- Massachusetts is expanding its list of disposal bans, according to a new solid waste master plan from the Department of Environmental Protection (MassDEP). Starting in November 2022, disposal of certain textiles and mattresses, as well as organics from locations generating more than a half-ton per week, will be prohibited.
- The agency also plans to consider in 2025 whether to ban all organics from disposal by 2030. The state will also consider a "declining cap on carbon dioxide emissions from municipal waste combustors" as part of a broader goal to cut 300,000 metric tons of carbon dioxide equivalent per year from such facilities.
- Similar to its goals in a 2019 draft plan, MassDEP is aiming for a 30% reduction in waste disposal volumes by 2030 and a 90% reduction by 2050 (from a 2018 baseline). The agency delayed the release of this plan to allow for new comments around climate change, environmental justice and pandemic effects, though some critics say the plan doesn't go far enough in these areas.
Massachusetts was in a tight spot with disposal capacity when this plan was initially discussed, and the situation hasn't gotten much better since. The number of active landfills is dwindling, combustion facilities are generally operating at capacity and out-of-state waste exporting is increasingly common. Growing urgency around addressing climate change and environmental justice at the state level has added new layers of complexity.
The state saw some progress on its prior 10-year reduction target, but 5.51 million tons were still disposed in 2019. Even if the new 2030 goal is met, MassDEP estimates there will be an in-state disposal capacity gap of 700,000 tons and "virtually zero" landfill space by that year. In this final plan, the state kept the door open to possibly permit another 350,000 tons of "innovative" disposal capacity in the future, while also noting it could renew existing permits for combustion facilities.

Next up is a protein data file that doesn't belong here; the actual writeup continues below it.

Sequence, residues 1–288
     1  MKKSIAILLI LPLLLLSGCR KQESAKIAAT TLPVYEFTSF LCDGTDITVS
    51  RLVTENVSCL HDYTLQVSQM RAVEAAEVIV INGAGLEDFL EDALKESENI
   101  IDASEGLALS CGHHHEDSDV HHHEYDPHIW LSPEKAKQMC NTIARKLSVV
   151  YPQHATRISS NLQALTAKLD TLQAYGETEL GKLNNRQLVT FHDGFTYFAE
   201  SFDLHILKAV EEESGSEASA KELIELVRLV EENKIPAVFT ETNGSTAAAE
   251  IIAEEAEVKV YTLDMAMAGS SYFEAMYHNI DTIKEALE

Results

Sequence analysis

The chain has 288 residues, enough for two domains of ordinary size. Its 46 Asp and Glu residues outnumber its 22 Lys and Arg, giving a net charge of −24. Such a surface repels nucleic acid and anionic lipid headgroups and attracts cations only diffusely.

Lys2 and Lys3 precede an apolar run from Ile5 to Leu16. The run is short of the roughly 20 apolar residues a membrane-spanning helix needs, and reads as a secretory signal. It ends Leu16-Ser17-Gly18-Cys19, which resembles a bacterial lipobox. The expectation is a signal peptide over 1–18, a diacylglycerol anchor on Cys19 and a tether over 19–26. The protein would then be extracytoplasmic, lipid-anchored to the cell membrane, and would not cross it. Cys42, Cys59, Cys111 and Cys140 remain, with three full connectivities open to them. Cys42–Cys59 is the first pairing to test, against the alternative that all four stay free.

With that in mind, environmental groups such as the Conservation Law Foundation (CLF) and MassPIRG have said the plan must be more aggressive — both to reduce disposal volumes and to mitigate their effects on host communities. MassDEP said it hasn't heard directly from environmental justice communities on this latest plan, but it looks forward to engaging. Meanwhile, the state says this is as far as it can go.
“We’ve tried to make our goals very aggressive, but in this plan in particular we really tried to look at the materials in the waste stream and assess what we feel realistically could be diverted from disposal in a 10-year period given the state of our infrastructure," said John Fischer, MassDEP's branch chief for commercial waste reduction.
In the master plan, MassDEP identifies (in descending order of quantity) food, cardboard, untreated wood, textiles and bulky materials as the greatest areas of diversion potential. The question of enforcement funding is an ongoing one, with environmental groups regularly noting the state doesn't fully capitalize on its current cardboard disposal ban, but agency leadership sees value in expanding this approach.
The addition of clean textiles and mattresses to the state's list of waste bans is seen as newer territory, though some level of local infrastructure already exists to manage each stream. Fischer said the initial focus will be on large generators rather than the residential level — for example, hotels and dormitories throwing out mattresses — but he also views textile diversion as a potential cost saver for municipalities.